A few months ago in my report "China and the Final War for Resources" (www.gold-eagle.com/editorials_05/ridley020805.html) I pointed out that the Government of China realizes that in order for their country to grow and survive in the years ahead, they must secure resources, primarily oil supplies. They also view the United States as a major hindrance to this objective, not only because the U.S. is the world's biggest consumer of oil but the U.S. government itself is viewed as being unpredictable, aggressive, and warlike as far as the Chinese leaders are concerned.
To win this war, the hard line doctrine taken from the treatise "Unrestricted War: China's Master Plan to Destroy America" instructs that currency revaluation or devaluation is a primary weapon which when initiated, will create financial turbulence and economic crisis within the U.S. and thus give the Chinese the opportunity to advance their own version of national security.
In analyzing the precarious predicament that has $1.94 trillion U.S. Treasury debt owned by foreign banks, most notably China, the overloaded U. S. debt burden is already teetering on a fine line. Any hint of a problem in maintaining support of U.S. bonds would create an instantaneous meltdown of the greenback with a simultaneous surge in the price of gold.
However despite this, the Treasury Department warned China last month they have until November to make their exchange rate more flexible or they will be labeled as currency manipulators. This charge would start bilateral talks on the exchange rate and possibly retaliatory action.
Currently the yuan is pegged with the U.S. dollar at 8.3:1 giving China, with its low labor costs, an excellent trade advantage which both Republican and Democratic politicians have been strongly complaining about for the last few years.
I would have to conclude that these bureaucrats are only looking at the trade imbalance with China and ignoring the tenuous nature of the important reliance on foreign debt purchases. As Business Week warned, a revaluation of the yuan could have other serious repercussions for the dollar. "With a stronger currency peg versus the dollar, China would purchase fewer bonds, as would Asian central banks if they were to cut back on currency market intervention. And further weakness in the Treasury market with a resulting bump higher in interest rates, could weigh on the long-gestating US recovery. In that regard, US lawmakers should be very careful what they wish for."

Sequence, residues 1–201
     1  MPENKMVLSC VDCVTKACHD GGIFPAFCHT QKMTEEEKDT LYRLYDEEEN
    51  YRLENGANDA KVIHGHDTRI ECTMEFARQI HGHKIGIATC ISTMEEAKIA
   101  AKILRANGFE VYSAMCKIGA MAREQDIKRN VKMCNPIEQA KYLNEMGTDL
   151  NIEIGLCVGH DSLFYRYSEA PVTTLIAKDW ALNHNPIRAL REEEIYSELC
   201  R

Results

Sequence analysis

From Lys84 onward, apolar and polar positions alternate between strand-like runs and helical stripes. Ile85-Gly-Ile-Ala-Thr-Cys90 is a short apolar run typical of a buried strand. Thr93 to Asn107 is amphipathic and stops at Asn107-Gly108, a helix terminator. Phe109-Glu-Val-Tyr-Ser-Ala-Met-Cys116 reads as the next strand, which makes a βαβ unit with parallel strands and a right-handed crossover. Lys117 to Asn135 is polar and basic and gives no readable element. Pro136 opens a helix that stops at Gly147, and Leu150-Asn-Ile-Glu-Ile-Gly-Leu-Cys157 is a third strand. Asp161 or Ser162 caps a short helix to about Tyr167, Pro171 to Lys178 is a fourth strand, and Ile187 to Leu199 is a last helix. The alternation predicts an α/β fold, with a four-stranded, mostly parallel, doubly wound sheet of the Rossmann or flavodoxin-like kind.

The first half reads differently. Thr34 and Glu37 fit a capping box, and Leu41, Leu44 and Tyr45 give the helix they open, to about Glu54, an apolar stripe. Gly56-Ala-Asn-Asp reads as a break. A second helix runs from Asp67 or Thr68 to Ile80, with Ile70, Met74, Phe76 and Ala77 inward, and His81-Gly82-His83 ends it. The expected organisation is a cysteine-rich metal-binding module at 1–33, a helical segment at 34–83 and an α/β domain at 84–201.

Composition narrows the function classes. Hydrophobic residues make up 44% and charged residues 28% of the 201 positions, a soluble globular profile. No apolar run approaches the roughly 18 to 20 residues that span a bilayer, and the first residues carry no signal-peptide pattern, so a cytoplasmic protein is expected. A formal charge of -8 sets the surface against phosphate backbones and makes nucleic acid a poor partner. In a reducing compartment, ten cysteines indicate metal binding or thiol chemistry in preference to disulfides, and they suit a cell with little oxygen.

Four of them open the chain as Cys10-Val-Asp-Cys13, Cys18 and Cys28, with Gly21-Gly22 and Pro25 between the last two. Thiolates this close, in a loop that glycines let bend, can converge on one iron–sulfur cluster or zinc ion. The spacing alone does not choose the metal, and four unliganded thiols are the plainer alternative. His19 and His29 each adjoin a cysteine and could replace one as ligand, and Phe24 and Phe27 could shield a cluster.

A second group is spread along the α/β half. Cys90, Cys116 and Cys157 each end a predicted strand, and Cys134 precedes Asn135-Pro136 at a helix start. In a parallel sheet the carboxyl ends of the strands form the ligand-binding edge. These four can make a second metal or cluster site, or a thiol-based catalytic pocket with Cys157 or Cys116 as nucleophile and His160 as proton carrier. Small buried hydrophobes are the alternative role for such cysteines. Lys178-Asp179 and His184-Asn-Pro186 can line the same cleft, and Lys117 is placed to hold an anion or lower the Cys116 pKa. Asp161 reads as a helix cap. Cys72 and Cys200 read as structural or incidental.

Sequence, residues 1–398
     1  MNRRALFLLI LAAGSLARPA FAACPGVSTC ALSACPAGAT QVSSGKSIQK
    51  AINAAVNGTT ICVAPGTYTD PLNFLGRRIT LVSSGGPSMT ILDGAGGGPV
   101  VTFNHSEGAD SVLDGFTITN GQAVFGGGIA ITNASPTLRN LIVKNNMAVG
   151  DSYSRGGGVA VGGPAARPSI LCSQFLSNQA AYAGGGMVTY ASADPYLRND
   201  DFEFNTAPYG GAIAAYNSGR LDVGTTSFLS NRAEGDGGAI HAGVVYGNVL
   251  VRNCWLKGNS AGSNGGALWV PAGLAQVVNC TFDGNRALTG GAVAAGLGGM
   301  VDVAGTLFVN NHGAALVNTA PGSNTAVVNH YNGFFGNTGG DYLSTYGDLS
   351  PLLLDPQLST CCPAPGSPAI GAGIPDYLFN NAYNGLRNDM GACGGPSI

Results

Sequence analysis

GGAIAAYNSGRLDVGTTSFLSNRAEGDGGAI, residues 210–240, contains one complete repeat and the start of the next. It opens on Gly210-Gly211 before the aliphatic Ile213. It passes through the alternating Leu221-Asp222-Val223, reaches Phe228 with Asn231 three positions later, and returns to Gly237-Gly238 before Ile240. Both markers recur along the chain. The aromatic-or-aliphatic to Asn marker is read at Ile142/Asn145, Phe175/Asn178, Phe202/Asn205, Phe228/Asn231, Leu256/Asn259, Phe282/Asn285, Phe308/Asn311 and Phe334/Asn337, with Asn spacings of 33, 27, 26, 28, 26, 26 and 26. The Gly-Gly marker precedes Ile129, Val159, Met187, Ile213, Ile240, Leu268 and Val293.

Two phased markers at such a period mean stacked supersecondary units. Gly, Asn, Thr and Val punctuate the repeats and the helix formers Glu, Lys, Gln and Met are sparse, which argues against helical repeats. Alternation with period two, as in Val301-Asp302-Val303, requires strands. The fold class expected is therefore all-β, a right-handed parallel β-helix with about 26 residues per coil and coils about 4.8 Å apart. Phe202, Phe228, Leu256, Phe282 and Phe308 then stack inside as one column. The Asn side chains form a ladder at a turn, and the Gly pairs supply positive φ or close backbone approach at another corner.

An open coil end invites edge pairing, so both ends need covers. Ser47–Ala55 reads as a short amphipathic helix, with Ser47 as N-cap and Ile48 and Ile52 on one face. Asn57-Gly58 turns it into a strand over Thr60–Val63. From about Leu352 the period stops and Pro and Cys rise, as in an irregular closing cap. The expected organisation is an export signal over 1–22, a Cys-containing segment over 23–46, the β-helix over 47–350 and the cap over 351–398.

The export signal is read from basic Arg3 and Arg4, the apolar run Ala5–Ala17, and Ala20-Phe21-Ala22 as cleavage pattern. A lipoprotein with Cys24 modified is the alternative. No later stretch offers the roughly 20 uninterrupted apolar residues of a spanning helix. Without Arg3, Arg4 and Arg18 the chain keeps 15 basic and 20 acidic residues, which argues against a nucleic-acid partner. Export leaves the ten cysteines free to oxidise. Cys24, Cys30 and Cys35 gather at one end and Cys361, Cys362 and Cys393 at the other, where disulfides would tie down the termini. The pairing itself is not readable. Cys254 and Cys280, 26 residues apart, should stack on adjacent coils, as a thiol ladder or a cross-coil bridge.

Provoking China is a dangerous game and could have extremely serious consequences not only for the U.S. economy but the world economy. If China ever pulls the trigger on their "primary weapon" the dollar will crash and gold will break $600 in a heart beat and just keep going.
Zhu Min, general manager and advisor to the President for the Bank of China was quoted in the China Daily last year saying that: "The United States is benefiting from China using its trade surplus to buy U.S. Treasury paper as a reserve currency, along with other Asian nations. But in the long run, this is not sustainable.... China will focus more and more on domestic demand, which is growing fast. Then we won't be able to finance the U.S. deficit."
Last year, the Wall Street Journal observed that a sell off of U.S. treasuries from a large debt holder like China would put the U.S. economy into a tail spin. Long term interest rates would climb and bond yields would sky rocket. This could start a stampede of selling which would devastate the stock market. This is the treasury trap America is in.
In May The People's Bank of China said it would not respond to a US Treasury report calling for the central bank to move to a more flexible exchange rate within six months. A bank spokesman stated that "We have no comment whatsoever on this. We have made very clear our policies on China's foreign exchange reform."
China's Premier Wen Jiabao also weighed in saying China will not bow to outside pressure on the exchange rate for its currency.
All this rhetoric has gotten the attention of United Nations economists who have stated that China has an important role in the world wide economy and recovery. However in the same breath they also warned that the U.S. had better reduce it's deficit or there could be serious repercussions not only in the U.S. but globally.
These thoughts have also echoed an International Monetary Fund (IMF) report that described the deficit as "perilous" in the long term and poses "significant risks" to the rest of the world. "The United States is on course to increase its net external liabilities to around 40 percent of its GDP within the next few years - an unprecedented level of external debt for a large industrial country." The bottom line of the report quite correctly forecasts this current dilemma will create a further meltdown of the dollar.
In light of the U.S. government's huge and increasing debt load, the politician's aggressive stance on the free trading issue of the yuan, the need of China and other foreigners to bank roll the $ 1.9 trillion of U.S. debt, warnings from the U.N. and IMF about America's out of control spending - you must wonder what the hell these U.S. bureaucrats are thinking?
These are serious issues which I hope you, dear reader, will take to heart. A strategic analysis of your current equity portfolio would be advisable with emphasis on real assets in the form of precious metals and energy equities. No matter what happens in the future at least you will sleep and night and profits in the process.
16 June 2005